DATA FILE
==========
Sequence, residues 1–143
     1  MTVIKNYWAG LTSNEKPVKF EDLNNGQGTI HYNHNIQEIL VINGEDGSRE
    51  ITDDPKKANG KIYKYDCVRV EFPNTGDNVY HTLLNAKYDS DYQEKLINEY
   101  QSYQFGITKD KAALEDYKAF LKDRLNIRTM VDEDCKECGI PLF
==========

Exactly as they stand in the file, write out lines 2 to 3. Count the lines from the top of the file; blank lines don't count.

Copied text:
     1  MTVIKNYWAG LTSNEKPVKF EDLNNGQGTI HYNHNIQEIL VINGEDGSRE
    51  ITDDPKKANG KIYKYDCVRV EFPNTGDNVY HTLLNAKYDS DYQEKLINEY